Election Anxiety and Political Stress – Is it a Real Issue?

Worry more than you used to about the state of the world, and unable to stop reading political updates? All while feeling more tense than usual, snapping at colleagues and friends, and sleeping less?

From big changes on the world political stage, to a referendum and the mess of Brexit, and now, an election suddenly pending, anxiety and politics are being increasingly connected.

Could you have ‘election anxiety’? And what to do if so?

Is election anxiety really a ‘thing’?

Statistics seem to show that it is certainly becoming one.

A yearly poll on stress by The American Psychological Association (APA) has seen its first rise in anxiety rates in a decade. They also added questions about politics to the survey for the first time, triggered by consistent feedback from psychologists that clients were bringing in politics as a major cause of anxiety (both before and after the American election).

This is paralleled by statistics now put out by the Office of Statistics in the UK. After several years of dropping rates, England has seen a new rise in anxiety from 2014, coinciding and quite possibly connected with the rise of political uncertainty.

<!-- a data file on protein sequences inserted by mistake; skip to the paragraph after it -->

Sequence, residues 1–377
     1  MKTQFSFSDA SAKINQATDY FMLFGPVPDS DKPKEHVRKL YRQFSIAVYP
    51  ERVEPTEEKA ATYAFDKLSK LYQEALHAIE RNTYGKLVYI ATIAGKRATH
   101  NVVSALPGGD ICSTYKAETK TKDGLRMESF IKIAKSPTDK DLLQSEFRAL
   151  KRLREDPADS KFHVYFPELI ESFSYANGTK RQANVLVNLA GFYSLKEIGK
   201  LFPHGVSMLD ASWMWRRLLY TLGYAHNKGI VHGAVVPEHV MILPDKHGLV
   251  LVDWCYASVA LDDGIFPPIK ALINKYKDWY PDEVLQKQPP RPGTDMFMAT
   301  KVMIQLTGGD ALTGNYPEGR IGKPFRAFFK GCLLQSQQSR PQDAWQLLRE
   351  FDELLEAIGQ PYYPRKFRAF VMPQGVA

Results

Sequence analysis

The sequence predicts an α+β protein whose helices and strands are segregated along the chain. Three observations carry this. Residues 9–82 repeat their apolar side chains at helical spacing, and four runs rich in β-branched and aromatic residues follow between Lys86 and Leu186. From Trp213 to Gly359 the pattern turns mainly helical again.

And British children are at risk. The National Society for Prevention of Cruelty to Children (NSPCC) reported a startling 35% rise in children needing treatment for anxiety in 2016, with new complaints being worries about the American election, the Syrian war, and Brexit.

Key things to know about anxiety

So how do you know if you are a bit stressed by the impending election, or truly suffering anxiety?

Stress has obvious, sensible triggers (too much work, an unresolved fight with your partner).

Anxiety is less logical. A free-floating and growing sense of worry, you might notice yourself having unbalanced emotional responses, such as a tendency to blow things out of proportion or cry over small things. And you’ll experience inexplicable nervousness and even fear.

Fear is actually the main feeling behind anxiety. Fear is generated when we feel helpless, like things are unknown or way beyond our control.

So if you just worry about the state of the world lately, you might have political stress.

But if you read an article about the elections and feel a strange sense of doom and danger that is bigger than the facts you just read, you might suffer anxiety.

[Read our article Stress vs Anxiety to learn more.]

Why would we be more anxious over politics now than before?

Sure it’s because the world is now in a more unbelievable place than ever before? It’s probably the same kind of thinking people had before World War I, or after hearing of the horrors of Hiroshima.

What has changed is the way we now access and consume news. News is on offer not just twice a day on TV, but 24 seven on a phone in our pocket. And not only is it more news, it’s more viewpoints – meaning we have to process more angles, and faster.